They passed into a dark, refrigerated section where robot arms packaged cuts of meat. Finally, they exited into the open expanse of the massive warehouse, which was dimly lit only by skylights far above and pockets of electric glow spread around the workstations of the killing floor.

Desdemonia seemed to awaken after leaving the cold rooms behind and gave a chirpy commentary on the warehouse’s operation. It was one of the original warehouses built by Finsbury’s founders and one of the few to do live butchering of hogs. Most hogs were fed a pig version of “The Formula” at the farm to calm them and then asphyxiated by pumping gas into the trucks that brought them to the Shambles. But true connoisseurs said those methods affected the taste of the pork. So the finest quality pork was still processed here in this warehouse and then shipped to fancy restaurants in Whitehall.

They exited into the open expanse of the massive warehouse, which was dimly lit only by skylights far above. Photo by Marten Bjork.

Panthino enjoyed the rare treat of bacon, but in general he did not care to consume meat. This warehouse was not changing his opinion. He asked Desdemonia about the weird, dreamy music playing through the tall shadowed spaces of the warehouse. She explained the soft music and the dim lighting was all designed to keep the hogs calm as they were moved from the stocks outside to the guillotine. 

And only too soon, he saw what she was talking about. They passed human butchers quickly and efficiently cutting whole hogs into cuts of pork with their laser knives. They moved so quickly that the hog carcass almost seemed to melt into pieces on the table as blood gushed down channels in the tabletops and the floor. But even creepier than the nearly silent work and the blood were the eerily smiling faces of the butchers and the occasional giggle. And then the driver walked them right past the guillotine.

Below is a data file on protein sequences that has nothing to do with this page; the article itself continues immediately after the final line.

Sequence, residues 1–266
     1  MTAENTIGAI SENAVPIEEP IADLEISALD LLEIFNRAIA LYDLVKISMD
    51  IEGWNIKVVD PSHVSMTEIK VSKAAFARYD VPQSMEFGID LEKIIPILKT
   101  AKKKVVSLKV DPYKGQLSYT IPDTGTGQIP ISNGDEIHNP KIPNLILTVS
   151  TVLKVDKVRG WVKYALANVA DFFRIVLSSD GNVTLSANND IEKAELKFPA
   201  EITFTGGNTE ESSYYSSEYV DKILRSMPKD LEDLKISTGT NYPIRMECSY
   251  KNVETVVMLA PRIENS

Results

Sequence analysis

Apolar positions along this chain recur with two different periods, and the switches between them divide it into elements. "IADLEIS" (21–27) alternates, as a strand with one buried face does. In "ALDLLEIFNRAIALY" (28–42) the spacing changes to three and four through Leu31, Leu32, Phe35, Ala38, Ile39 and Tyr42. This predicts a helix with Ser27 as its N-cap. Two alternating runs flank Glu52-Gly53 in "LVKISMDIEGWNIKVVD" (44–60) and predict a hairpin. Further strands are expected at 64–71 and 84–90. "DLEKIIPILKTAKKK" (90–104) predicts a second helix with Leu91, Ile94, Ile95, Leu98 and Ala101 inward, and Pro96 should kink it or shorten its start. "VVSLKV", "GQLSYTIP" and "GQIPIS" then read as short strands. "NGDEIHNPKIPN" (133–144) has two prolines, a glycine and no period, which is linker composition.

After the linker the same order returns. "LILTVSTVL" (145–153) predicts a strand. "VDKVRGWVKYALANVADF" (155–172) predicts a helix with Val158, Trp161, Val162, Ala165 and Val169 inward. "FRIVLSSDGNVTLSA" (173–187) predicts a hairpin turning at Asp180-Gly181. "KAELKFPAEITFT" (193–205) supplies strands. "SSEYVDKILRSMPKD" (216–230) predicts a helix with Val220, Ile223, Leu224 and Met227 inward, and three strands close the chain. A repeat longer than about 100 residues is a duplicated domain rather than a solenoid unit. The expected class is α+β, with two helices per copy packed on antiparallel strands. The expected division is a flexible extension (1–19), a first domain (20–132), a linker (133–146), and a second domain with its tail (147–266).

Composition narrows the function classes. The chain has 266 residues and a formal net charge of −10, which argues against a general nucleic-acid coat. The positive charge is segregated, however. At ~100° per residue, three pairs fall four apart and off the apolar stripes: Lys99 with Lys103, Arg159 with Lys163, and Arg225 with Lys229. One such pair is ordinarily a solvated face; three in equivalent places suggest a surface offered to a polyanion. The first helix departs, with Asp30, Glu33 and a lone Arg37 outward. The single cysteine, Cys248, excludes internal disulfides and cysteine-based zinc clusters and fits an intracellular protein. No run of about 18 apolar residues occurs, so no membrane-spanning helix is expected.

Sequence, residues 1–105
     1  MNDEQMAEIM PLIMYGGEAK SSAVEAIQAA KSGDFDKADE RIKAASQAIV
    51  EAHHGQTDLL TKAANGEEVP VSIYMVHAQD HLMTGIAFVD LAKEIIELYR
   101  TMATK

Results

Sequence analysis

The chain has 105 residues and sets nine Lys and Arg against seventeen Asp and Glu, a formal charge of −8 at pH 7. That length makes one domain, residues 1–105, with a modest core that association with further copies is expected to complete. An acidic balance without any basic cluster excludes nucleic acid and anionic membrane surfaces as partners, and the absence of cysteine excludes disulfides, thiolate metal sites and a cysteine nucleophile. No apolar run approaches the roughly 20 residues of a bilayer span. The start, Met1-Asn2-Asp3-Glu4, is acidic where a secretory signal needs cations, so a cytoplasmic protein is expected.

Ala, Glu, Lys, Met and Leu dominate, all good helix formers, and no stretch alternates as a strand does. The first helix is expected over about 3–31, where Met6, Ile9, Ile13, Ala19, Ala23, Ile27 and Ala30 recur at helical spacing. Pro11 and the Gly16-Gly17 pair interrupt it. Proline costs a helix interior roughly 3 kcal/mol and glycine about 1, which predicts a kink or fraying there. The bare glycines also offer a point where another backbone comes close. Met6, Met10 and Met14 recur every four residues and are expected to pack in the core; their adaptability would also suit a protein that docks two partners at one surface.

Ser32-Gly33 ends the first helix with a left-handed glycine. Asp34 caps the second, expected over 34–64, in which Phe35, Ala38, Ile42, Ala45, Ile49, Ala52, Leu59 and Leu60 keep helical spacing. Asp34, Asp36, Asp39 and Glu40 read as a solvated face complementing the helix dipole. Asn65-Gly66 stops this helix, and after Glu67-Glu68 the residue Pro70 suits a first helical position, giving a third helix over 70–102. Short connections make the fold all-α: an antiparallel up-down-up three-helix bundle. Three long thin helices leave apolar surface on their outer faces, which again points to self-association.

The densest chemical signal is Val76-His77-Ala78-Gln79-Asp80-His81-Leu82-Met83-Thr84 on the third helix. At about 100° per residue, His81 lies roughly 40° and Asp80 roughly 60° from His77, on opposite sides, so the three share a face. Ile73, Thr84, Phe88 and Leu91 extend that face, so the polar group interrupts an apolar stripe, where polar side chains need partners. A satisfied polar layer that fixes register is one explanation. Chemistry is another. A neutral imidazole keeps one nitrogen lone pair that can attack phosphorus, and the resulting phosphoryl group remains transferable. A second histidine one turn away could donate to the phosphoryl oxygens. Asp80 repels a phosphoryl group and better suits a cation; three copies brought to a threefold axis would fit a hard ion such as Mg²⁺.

On the other side of a huge window of glaze, Panthino watched in silent horror as a single hog walked through an automatic door and along a raised conveyor belt. It’s face was hit by a disorienting blaze of colored lights and it stumbled forward. When it reached the exact center of the room, a red laser as wide as the room dropped from the ceiling to the floor and then turned off. The hog’s head fell cleanly to the floor and then it’s body collapsed. Channels in the floor carried away the blood as the carcass was moved by the conveyor belt into the butchering room beyond.

Panthino, shocked, stood rooted to the spot. To his horror, as soon as the carcass passed through a final set of doors, the first set of doors opened and another disoriented hog stumbled in. He could not watch it happen again. He stared at the floor and rushed to catch up with the driver. 

Desdemonia patted his hand. “I’m sorry, I should have warned you. I’m just used to it after all these years. But if it helps, we designed it this way so the hogs never have to be scared. They never know it’s coming, and it happens so fast, they probably don’t even feel any pain.”

It did not help. Not even Desdemonia’s hand on his own or her soft voice made it better. Panthino felt sick and he rushed to the door held open by the driver. Only as he passed through into near darkness did he realize he had much in common with the hogs. He was also being led quietly through a dark maze and through an open door into an unknown doom.


I hope you enjoyed my story. Feel free to share any comments below.

Make sure to check back next Friday week–in a fortnight–for the next flash-fiction story set on the Globe, “The Interrogation,” where we learn Panthino’s fate.

In the meantime, you can enjoy the Globe Folio from the beginning:

Act 1: Night of the Rocket

Act 2: Nights of Revelation

Be stellar!

Matthew Cross